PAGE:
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Due-process group launches campaign against ‘victim-centered’ rape investigations

Even as critics of college sexual-assault investigations say that law enforcement should be more involved in the process, police themselves are adopting some of the more questionable recommendations of anti-rape activists, particularly that accusers should face little scrutiny and officers should limit their collection of evidence to stymie the accused.

Countering that approach is one goal of a new campaign by the Center for Prosecutor Integrity, a nonprofit group that fights “over-criminalization” of sex-related activities.

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Launched in the wake of a report that says the conviction of black men for alleged sex crimes is “the new war on drugs,” the center’s Wrongful Convictions of Sexual Assault Program is a three-pronged attack on trends in campus, police and even military rape investigations:

The first effort is seeking to curb the expansion of “victim-centered investigations,” in which criminal investigators are instructed to cede “control of the process back to the victim” and are told that the complainant has a “right to request certain investigative steps not be conducted.”

The second is directed to Campus Sexual Assault, where due process protections are often lacking for students accused of sexual assault.

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The third initiative, the Military Justice Project, is addressing the erosion of due process protections for military service members accused of sexual assault.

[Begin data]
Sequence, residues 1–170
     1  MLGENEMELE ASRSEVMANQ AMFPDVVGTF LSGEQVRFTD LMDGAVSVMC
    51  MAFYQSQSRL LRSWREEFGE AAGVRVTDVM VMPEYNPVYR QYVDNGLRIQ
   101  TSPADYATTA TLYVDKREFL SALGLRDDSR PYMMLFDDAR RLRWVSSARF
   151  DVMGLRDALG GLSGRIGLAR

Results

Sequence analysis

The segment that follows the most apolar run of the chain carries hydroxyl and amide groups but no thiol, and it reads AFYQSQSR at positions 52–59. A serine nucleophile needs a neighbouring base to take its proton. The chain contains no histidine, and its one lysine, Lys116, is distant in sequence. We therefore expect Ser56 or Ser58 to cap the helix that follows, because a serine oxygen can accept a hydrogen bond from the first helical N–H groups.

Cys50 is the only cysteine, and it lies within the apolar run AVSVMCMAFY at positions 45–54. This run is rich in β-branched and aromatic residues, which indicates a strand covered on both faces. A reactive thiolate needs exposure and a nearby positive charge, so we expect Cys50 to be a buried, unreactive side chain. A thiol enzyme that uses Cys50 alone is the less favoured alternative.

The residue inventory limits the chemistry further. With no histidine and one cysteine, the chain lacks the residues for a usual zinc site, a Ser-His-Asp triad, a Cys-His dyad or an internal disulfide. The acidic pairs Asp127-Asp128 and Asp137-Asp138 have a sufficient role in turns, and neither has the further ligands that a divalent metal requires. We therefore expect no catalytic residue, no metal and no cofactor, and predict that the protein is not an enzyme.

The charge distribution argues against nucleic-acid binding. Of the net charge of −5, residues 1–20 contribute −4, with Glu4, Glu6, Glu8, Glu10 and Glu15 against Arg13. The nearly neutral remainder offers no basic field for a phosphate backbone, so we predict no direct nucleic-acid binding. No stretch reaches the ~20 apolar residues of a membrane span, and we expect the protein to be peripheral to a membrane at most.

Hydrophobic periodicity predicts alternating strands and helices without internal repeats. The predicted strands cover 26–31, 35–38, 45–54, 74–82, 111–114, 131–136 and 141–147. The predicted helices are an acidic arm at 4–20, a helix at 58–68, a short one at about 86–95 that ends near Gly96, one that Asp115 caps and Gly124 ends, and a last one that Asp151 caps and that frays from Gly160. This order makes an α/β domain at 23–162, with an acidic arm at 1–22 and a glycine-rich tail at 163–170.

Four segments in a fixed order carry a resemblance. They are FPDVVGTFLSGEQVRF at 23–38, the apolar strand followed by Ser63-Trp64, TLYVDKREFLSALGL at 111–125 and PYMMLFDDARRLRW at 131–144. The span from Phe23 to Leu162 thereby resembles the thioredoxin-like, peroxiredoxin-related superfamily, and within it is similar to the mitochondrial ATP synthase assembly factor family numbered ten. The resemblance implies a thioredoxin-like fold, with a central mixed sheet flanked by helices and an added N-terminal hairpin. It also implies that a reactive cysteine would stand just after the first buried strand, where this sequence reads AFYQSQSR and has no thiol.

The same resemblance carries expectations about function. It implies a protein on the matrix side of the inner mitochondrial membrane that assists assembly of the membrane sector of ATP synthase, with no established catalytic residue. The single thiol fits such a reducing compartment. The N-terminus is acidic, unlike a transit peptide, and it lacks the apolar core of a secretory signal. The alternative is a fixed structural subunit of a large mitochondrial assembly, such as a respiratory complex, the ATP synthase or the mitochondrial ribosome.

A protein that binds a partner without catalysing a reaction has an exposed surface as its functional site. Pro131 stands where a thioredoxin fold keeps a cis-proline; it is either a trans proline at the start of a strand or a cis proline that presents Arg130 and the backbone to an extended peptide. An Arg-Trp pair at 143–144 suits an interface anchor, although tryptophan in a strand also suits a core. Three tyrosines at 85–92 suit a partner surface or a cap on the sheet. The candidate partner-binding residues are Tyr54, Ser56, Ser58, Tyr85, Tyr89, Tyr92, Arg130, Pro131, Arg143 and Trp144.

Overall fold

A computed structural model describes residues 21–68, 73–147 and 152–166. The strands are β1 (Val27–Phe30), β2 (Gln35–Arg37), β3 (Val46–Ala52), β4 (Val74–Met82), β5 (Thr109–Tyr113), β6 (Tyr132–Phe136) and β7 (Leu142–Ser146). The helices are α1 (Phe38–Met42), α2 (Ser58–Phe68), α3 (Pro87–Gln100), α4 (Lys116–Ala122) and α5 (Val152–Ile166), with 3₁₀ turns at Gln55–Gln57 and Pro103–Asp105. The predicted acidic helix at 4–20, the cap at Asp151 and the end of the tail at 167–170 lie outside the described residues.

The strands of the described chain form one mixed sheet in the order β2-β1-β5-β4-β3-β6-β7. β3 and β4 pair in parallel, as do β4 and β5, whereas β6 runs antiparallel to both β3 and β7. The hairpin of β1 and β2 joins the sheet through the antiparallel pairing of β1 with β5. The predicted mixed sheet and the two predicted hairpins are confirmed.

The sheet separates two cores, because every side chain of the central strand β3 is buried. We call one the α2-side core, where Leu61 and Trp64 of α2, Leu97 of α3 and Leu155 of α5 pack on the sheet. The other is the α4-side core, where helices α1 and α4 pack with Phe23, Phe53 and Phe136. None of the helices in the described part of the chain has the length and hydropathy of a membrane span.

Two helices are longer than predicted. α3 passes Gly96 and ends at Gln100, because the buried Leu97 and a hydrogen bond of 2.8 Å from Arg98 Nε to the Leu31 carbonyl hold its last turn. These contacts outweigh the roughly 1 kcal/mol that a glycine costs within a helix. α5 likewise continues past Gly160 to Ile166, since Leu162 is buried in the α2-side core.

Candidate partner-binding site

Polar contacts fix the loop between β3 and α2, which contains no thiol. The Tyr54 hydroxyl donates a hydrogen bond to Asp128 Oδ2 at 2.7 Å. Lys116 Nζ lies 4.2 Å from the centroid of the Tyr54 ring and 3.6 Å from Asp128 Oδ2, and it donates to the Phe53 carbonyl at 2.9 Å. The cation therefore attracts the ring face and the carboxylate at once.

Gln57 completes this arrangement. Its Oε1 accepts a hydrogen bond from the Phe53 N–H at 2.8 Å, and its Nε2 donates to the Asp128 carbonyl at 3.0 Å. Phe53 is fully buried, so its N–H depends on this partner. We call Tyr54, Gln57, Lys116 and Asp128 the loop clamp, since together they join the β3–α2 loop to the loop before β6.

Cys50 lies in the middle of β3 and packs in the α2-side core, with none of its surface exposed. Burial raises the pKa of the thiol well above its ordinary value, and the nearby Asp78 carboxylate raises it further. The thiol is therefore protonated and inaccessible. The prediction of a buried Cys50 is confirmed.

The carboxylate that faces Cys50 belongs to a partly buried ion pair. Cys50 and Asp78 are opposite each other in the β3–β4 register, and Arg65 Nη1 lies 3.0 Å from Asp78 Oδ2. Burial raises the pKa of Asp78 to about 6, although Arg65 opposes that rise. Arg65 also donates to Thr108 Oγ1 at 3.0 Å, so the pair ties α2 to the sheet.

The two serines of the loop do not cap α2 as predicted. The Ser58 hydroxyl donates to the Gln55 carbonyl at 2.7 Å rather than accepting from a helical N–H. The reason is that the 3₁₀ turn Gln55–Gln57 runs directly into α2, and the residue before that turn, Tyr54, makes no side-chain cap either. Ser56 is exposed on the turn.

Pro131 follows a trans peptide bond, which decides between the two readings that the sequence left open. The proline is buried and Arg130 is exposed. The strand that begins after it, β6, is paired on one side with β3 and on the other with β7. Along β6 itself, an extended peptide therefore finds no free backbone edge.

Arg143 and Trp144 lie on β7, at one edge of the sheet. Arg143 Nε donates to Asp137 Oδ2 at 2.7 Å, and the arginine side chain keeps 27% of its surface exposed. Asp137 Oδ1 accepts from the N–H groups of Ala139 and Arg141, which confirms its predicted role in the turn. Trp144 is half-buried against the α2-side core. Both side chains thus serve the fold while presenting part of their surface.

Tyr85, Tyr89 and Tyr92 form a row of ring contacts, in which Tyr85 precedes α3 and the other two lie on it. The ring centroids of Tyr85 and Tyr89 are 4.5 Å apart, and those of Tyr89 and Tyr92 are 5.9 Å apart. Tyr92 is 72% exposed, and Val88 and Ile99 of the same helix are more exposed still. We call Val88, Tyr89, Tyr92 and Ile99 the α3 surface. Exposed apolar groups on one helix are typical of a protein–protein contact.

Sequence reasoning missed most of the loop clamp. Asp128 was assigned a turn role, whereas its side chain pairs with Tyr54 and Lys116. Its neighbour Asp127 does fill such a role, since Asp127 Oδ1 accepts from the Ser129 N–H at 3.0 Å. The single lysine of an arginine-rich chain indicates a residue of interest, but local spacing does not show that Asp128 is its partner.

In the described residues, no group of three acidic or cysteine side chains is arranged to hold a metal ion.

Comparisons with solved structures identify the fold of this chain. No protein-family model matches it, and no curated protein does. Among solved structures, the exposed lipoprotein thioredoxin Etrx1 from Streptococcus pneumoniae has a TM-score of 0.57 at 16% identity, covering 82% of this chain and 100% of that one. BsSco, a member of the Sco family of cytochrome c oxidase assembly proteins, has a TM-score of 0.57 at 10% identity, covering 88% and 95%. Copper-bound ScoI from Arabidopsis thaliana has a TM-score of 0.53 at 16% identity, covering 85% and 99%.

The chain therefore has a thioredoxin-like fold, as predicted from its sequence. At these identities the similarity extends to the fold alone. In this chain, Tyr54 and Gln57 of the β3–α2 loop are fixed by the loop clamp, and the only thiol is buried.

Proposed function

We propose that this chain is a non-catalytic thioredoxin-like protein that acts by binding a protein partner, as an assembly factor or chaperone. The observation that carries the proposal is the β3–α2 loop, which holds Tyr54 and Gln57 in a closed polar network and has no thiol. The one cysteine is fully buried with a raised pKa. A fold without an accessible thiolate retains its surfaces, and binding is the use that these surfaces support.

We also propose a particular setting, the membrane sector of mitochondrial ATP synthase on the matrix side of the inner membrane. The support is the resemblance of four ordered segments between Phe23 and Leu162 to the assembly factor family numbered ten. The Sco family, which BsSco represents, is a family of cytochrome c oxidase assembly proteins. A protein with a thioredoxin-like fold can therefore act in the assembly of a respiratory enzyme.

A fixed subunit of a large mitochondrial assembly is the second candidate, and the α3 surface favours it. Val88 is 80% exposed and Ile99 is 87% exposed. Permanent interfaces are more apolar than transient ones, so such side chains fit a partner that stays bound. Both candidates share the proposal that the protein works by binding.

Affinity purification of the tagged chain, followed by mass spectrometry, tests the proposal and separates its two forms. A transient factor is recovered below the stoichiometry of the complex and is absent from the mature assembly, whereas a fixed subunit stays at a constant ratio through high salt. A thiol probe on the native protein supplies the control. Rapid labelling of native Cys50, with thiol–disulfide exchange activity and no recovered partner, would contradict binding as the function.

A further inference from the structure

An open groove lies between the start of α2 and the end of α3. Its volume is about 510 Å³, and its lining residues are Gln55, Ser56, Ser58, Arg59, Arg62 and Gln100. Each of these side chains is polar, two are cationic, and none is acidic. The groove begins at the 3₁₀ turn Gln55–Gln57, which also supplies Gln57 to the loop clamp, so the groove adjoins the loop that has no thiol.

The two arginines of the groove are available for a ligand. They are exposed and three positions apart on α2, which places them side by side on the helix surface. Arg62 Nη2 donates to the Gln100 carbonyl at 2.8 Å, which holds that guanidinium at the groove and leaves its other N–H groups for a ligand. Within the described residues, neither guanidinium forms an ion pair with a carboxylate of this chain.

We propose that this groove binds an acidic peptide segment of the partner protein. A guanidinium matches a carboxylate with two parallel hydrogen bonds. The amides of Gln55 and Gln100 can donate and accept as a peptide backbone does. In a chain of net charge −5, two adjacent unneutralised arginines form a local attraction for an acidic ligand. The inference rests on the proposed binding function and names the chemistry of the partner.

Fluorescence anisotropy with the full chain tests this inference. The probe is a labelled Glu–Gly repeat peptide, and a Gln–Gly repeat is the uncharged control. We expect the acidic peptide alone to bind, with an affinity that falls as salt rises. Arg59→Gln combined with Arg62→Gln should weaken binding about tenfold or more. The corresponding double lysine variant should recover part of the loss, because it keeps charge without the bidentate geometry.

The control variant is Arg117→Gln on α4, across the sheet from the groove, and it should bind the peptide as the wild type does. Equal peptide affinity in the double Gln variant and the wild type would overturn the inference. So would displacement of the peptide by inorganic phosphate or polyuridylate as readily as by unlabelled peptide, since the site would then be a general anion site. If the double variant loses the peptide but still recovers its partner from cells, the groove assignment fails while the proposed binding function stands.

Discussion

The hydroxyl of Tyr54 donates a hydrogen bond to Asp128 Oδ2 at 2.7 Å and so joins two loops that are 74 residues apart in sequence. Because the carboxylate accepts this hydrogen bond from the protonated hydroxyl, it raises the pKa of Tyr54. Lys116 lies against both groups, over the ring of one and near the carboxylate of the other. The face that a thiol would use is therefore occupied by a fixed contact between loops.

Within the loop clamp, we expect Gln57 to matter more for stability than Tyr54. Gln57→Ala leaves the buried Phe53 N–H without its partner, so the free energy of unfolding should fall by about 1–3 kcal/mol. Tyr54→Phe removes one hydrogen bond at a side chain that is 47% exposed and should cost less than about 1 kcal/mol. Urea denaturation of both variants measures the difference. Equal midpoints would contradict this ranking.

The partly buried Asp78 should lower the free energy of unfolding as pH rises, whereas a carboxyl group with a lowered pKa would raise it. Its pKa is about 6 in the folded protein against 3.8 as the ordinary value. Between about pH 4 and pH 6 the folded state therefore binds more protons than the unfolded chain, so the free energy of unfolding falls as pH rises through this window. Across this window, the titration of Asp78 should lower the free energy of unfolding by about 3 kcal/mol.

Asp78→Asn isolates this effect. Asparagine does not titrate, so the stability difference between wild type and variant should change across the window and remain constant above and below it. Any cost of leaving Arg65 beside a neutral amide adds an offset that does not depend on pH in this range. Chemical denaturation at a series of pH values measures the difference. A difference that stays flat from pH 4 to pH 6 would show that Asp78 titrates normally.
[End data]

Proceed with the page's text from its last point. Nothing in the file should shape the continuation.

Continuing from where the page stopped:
The new program offers resources on “prosecutorial misconduct,” the effort within the American Law Institute to make rape a presumed-guilty crime, and an “Exoneree Honor Roll” of accused people who were exonerated of rape.

The group also released a white paper that “draws parallels between the treatment of Black men accused of rape during the infamous Jim Crow period, and the adjudication of sexual assault cases in the current era.”

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The paper recounts perhaps the most famous incident of an exonerated student who went to jail for a false accusation, the high school athlete Brian Banks, who said his lawyer recommended he take a plea because “the jury [is] automatically going to see a big, black teenager and automatically assume [you are] guilty.”

It also cites Harvard Law Prof. Jeannie Suk, who has written that America should “heed our legacy of bias against black men in rape accusations,” particularly since colleges “conveniently” do not track the “racially disproportionate impact” of rape accusations.

Read the center’s release and its white paper.

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